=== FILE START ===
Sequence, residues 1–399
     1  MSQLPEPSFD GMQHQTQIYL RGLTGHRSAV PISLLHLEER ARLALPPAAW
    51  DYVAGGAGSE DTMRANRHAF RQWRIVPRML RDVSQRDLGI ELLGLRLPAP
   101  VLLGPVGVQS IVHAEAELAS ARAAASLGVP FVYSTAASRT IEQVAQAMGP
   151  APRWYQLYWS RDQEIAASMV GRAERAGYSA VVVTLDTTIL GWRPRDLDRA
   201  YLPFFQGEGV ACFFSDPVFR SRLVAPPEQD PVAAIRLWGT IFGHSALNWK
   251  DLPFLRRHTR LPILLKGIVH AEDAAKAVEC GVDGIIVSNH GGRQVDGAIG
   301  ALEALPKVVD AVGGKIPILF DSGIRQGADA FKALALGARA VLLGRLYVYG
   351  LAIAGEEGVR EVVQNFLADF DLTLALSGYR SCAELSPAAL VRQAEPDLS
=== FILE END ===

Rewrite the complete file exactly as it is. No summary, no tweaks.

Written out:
Sequence, residues 1–399
     1  MSQLPEPSFD GMQHQTQIYL RGLTGHRSAV PISLLHLEER ARLALPPAAW
    51  DYVAGGAGSE DTMRANRHAF RQWRIVPRML RDVSQRDLGI ELLGLRLPAP
   101  VLLGPVGVQS IVHAEAELAS ARAAASLGVP FVYSTAASRT IEQVAQAMGP
   151  APRWYQLYWS RDQEIAASMV GRAERAGYSA VVVTLDTTIL GWRPRDLDRA
   201  YLPFFQGEGV ACFFSDPVFR SRLVAPPEQD PVAAIRLWGT IFGHSALNWK
   251  DLPFLRRHTR LPILLKGIVH AEDAAKAVEC GVDGIIVSNH GGRQVDGAIG
   301  ALEALPKVVD AVGGKIPILF DSGIRQGADA FKALALGARA VLLGRLYVYG
   351  LAIAGEEGVR EVVQNFLADF DLTLALSGYR SCAELSPAAL VRQAEPDLS